Getting around Italy by train has long been the most popular way to travel through the country.
Even as budget airlines in Europe begin to compete with the rail network on price, train travel has perks that air travel can’t match. And taking the train in Italy can really beat driving, especially if you are concentrating on cities with train stations and if Italian drivers scare you a little bit (with good reason).
Trains in Italy are pretty easy to figure out, especially once you understand a few basic things. I’ve written extensively about train travel in Italy on this site, and I’ve linked to most of those articles below. You can scan through the different sections to find the specific piece of information you’re looking for, or you can read each article if you’re just starting out and you want to get a better handle on Italian rail travel before you go.
You’ll find information below about the following topics:
- The difference between tickets and reservations
- How to buy train tickets and reservations in Italy
- The different kinds of trains in Italy
- The pros & cons of buying an Italy Rail Pass vs. buying point-to-point tickets
- How to read Italian train schedules
- The difference between first class and second class Italian trains
- What to do before you board your train in Italy
And, as always, if you don’t find what you’re looking for here, please let me know!
>> Whether or not you’re planning your first trip to Italy or you’ve been several times, there’s likely to be something in my collection of Italy travel tips to help you make the most of your trip planning process.
Train Tickets vs. Reservations in Italy
Despite what your inner sense of logic might tell you, train tickets are not the same as train reservations in Italy, and there are times – many times, in fact – that you’ll need to purchase a reservation along with your ticket. And if you’ve got a Rail Pass in Italy, that’s not a reservation, either – meaning you’re likely to need to buy reservations for some of the trips you’ll take even if you have your Rail Pass.
This may sound like a rip-off, or that you’re being charged twice for the same thing, but reservations are often really cheap and buying a Rail Pass is usually still a very good deal even if you still have to buy reservations along the way.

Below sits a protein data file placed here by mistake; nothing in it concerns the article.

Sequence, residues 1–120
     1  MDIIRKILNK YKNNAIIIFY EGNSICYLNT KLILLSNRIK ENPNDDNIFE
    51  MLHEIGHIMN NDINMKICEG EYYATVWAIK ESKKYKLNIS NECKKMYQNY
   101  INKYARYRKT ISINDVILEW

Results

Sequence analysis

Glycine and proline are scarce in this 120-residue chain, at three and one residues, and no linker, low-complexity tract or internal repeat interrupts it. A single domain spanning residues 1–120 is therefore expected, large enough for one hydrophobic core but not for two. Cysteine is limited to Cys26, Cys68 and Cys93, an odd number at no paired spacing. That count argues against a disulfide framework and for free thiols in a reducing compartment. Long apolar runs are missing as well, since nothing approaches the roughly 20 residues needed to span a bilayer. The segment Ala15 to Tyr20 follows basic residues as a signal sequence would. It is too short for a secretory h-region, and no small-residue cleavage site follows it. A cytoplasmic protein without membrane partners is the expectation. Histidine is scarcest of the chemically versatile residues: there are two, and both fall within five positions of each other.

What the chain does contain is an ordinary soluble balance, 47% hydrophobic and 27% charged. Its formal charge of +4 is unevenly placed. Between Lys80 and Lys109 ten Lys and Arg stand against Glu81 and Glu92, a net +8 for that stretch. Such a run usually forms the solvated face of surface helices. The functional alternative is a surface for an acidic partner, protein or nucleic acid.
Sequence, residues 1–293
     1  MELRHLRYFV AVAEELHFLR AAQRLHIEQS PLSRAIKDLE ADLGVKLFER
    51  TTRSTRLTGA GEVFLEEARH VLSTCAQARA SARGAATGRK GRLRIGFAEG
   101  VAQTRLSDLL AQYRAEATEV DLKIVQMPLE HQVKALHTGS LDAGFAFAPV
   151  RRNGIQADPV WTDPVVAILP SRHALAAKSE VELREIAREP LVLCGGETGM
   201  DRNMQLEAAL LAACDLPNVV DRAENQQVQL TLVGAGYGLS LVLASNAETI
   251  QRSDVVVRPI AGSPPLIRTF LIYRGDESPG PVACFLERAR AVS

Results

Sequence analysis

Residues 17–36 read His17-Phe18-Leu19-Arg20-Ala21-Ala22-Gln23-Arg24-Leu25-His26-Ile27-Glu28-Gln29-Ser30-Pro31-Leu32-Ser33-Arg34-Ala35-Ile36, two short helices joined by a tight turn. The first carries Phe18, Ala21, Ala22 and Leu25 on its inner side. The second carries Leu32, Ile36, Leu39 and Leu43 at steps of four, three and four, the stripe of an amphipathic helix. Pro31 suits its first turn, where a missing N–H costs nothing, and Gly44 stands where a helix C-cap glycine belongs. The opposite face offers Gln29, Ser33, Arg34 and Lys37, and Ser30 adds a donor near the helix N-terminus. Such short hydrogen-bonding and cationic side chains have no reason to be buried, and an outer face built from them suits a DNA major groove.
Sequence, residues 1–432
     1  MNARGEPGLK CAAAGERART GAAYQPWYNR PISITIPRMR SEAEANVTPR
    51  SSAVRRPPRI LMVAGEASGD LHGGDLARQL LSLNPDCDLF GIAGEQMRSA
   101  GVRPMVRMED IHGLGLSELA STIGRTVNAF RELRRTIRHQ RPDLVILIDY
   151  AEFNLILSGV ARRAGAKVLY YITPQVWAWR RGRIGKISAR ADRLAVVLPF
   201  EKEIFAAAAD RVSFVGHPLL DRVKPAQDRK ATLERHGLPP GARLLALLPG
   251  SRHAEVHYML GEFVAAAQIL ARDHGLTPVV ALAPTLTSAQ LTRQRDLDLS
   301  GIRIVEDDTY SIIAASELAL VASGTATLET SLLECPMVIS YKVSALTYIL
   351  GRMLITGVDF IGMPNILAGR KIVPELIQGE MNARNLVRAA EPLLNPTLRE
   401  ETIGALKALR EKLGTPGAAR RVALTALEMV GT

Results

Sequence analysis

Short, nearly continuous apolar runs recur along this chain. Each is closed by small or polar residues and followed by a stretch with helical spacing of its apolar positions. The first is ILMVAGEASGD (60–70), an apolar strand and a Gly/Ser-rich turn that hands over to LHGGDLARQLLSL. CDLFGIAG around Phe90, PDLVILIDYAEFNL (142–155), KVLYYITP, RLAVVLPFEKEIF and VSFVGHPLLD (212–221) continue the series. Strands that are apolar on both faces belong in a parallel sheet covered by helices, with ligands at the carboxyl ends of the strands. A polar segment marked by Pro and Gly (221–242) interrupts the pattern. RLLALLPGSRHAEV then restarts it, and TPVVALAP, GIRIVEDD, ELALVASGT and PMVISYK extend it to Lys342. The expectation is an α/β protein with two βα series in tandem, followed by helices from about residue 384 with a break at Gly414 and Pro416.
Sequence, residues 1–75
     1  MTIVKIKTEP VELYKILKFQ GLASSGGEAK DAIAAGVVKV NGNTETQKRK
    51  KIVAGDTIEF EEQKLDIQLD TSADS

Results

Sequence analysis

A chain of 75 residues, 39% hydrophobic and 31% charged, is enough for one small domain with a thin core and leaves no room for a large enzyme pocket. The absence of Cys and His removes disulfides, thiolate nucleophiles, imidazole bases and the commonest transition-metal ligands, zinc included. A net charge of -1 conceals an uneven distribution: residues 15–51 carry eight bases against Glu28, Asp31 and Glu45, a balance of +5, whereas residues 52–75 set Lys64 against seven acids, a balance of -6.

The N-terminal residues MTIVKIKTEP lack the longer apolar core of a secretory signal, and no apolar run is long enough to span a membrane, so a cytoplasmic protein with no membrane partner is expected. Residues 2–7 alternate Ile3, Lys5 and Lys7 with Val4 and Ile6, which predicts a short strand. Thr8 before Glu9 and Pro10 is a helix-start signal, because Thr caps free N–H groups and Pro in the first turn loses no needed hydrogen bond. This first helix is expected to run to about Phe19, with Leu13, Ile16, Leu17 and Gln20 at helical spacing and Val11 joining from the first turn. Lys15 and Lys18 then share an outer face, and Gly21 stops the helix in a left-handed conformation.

>> Further reading – Train Tickets vs. Train Reservations in Italy: What’s the difference?
Buying Train Tickets & Reservations in Italy
You can buy both train tickets and reservations in advance of your trip, and you can also buy them on-site in Italy. If you’ve opted for an Italy Rail Pass, however, that must be purchased before you leave home as you can’t buy them in Italy.
Some travelers will benefit from buying their tickets before they leave home – doing so can save not only time and hassle once in Italy, it can also save money. But if you’re the kind of person who travels without an itinerary it won’t likely make sense for you to purchase tickets in advance. You won’t be able to exchange or return tickets you’ve bought online once you get to Italy, so buying ahead of time only works if you know the route you’ll be traveling.
Types of Trains in Italy
There are several kinds of trains operating in Italy, often on the same tracks and serving many of the same cities, but they can vary widely in price and speed. As long as you know what to look for, you will never get caught out thinking you are paying for one and getting the other.
- Alta Velocità (AV) – Introduced in 2008, Alta Velocità trains (also called Freccia trains – Frecciarossa, Frecciargente, etc.) are actually run on a separate track from other trains in Italy, and so aren’t available for every route. They are the fastest trains in Italy, however, so if there’s an AV train on the route you’re traveling you’ll get there in nearly no time. It’s the most expensive train option in Italy, and AV trains always require a reservation along with a ticket.
- Eurostar (ES) – This isn’t the same train that runs from Paris to London. It’s one of Italy’s fast trains – although it was downgraded to the second-fastest option with the introduction of the Alta Velocità. Eurostar trains in Italy are still fast, quiet, air-conditioned, comfortable, and expensive (although typically less costly than the AV trains). They only run between bigger cities, so while the route isn’t as restricted as the AV route, you might still have trouble finding an ES train that serves smaller cities and towns in Italy. The Eurostar always requires a reservation in advance along with your ticket, guaranteeing you not just a seat but a specific seat.
- InterCity (IC) – The next step down are the InterCity trains, which also cover long distances and serve the bigger cities in Italy, although they are not as fast as ES or AV trains and therefore not as expensive. Reservations are sometimes required and always suggested, so check with the ticket agent when you buy the ticket about whether you will also need a reservation.
- InterRegionale (IR), Regionale (R), and Diretto (D) – These are the smaller and slower trains which connect Italy’s smaller towns with the big cities. They make more frequent stops, and many do not even have air conditioning or first class cars as an option. On the plus side, they are quite cheap and if your journey is a short one they are the perfect choice.
Buying an Italy Rail Pass vs. Buying Train Tickets
If the same travel style worked for every single travler, we wouldn’t have so many options. The same goes for whether it’s best to buy an Italy Rail Pass for your trip or buy individual point-to-point tickets as you go.